How East Bay Drive Almost Became A Railroad (Twice)

olympia railroad history
East Bay Drive bisects Olympia's Priest Point Park.

By Emmett O’Connell

olympia railroad historyIra B. Thomas died in Olympia on October 9, 1872. He had only arrived in Olympia a few months before. But, in his short stay here, he almost made Olympia the most important city on Puget Sound. Or, that’s at least how the story goes. In the early 1870s, practically every city on Puget Sound thought it had a chance at landing the terminus of the Northern Pacific railway.

With dreams of civic greatness within reach, each city did what they could to convince the eastern bosses of the Northern Pacific to pick their community. Olympia city father’s went as far as offering acres of tideland to be filled for the terminus. Each town also tried to look for clues on where the railway had decided to land. The most telling clue was the operations of supposed agents of the railroad buying up land.

Because once the location of the terminus would drive up local land prices, the railroad employed independent agents to try to secretly buy land when it was still cheap. In Olympia, that mysterious agent was Ira B. Thomas of New York State. Most local histories that cover the era of the Pacific Northern Railway terminus chase, retelling this particular episode (this telling from Gordon Newell’s “So Fair a Dwelling Place“):

The Puget Sound Land Company, a subsidiary of the Northern Pacific, bought up large tracts of land on Budd’s Inlet in the name of one Ira Bradley Thomas. Before the rails reached Olympia, Thomas died.

Rather than face the legal delays of probating his estate, the company quickly bought up new land near Old Tacoma and told the Northern Pacific to change its terminus to that location.

Had an obscure business man, Ira Thomas, lived just a little longer, Olympia would undoubtedly have become the western terminus of the first northern transcontinental railway and the site of the present city of Tacoma might still be a comparative wilderness.

The projected path of the railroad with a terminus in Olympia.

But, Thomas died in October and the next summer, Tacoma was chosen as the terminus. Hopeful retellings of history notwithstanding, that Olympia would’ve ended up with the terminus is just wishful thinking.

If you look at the written history of the Northern Pacific  railroad’s board, it actually picked Tacoma a month before Thomas died. In those days, it took until the following summer to announce a decision made the previous fall. So, Thomas’ mission was likely one of misdirection or — at best — hedging the railroad’s bet. If Tacoma had fallen through for some reason, they’d have Olympia to fall back to.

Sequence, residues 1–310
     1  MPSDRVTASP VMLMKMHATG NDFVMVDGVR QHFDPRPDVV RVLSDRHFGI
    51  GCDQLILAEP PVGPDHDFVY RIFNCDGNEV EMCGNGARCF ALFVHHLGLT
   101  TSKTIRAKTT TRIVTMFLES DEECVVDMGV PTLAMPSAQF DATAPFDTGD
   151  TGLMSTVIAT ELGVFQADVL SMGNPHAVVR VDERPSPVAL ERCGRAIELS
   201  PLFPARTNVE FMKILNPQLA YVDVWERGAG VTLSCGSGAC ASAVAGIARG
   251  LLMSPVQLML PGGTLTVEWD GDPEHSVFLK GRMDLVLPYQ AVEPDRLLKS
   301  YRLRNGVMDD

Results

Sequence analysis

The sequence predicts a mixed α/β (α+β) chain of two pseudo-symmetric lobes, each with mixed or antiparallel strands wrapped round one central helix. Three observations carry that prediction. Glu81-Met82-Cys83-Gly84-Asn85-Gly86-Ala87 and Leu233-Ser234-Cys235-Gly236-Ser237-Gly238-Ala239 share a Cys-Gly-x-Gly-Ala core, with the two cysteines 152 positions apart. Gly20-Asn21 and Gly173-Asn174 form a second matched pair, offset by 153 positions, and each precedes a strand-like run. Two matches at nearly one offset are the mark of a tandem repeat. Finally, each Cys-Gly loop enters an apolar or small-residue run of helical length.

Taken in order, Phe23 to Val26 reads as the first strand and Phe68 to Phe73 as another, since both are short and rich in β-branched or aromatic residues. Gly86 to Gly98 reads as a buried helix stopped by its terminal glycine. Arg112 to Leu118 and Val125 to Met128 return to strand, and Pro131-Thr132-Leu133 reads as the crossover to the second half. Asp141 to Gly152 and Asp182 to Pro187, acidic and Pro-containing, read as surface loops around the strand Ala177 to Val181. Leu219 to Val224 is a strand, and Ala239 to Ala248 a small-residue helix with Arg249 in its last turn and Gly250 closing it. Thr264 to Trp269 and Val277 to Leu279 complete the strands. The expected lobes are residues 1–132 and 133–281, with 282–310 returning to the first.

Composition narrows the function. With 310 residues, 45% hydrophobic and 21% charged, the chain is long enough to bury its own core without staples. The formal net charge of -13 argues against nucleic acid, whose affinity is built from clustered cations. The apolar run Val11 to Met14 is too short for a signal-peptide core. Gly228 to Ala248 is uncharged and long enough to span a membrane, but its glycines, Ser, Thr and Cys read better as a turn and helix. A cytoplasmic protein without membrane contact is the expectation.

Either way, it begs the questions of how would Olympia have ended up differently had we, and not Tacoma, ended up the first industrial metropolis on the sound? But, the exact extent of our growth would’ve been determined by exactly where on Budd Inlet the terminus was meant for. The land Thomas bought was held by a holding company, the North Olympia Land Company, for at least a couple of decades.

If you look at an 1890 map, you see a large tract of land just north of Priest Point Park labeled as “North Olympia Land Company.” With the name and the general location, this would have been Thomas’ terminus location. So, its likely that Olympia would’ve grown. It’s fitting that the 1890 map also features what would have been the second railroad to travel up the east side of Budd Inlet, but never did.

The projected railroad path through Olympia.

This never completed railroad in Thurston County would have followed the current path of Interstate 5 from the Lewis County line to Tumwater. It would have crossed the Deschutes River south of the brewery and gotten into Olympia through a tunnel under Capitol Way that was in fact built in the early 20th century. Once downtown, it would’ve roughly followed Plum Street, up East Bay Drive and then cut east just beyond Priest Point Park.

The plan for the new railroad was kicked off in 1890 by Union Pacific to compete with the already established Northern Pacific. They organized it as a subdivision called the Portland and Puget Sound Railroad. But, the project only got as far as purchasing right of way, surveying and grading in Thurston County before the money ran out. Only eight months worth of construction was ever put into the entire Portland to Seattle line.

References and Further Reading: 
*Olympia map 1890 Northern Pacific
*National Railway Historical Society Hinchman v. Kelley (lawsuit regarding the North Olympia Land Company)
*Northern Pacific Railroad announces Tacoma terminus on July 14, 1873,
*A Love Affair Gone Bad, Puget Sound and the Northern Pacific Railway
*South Puget Sound Railroad Mania, James Hannum

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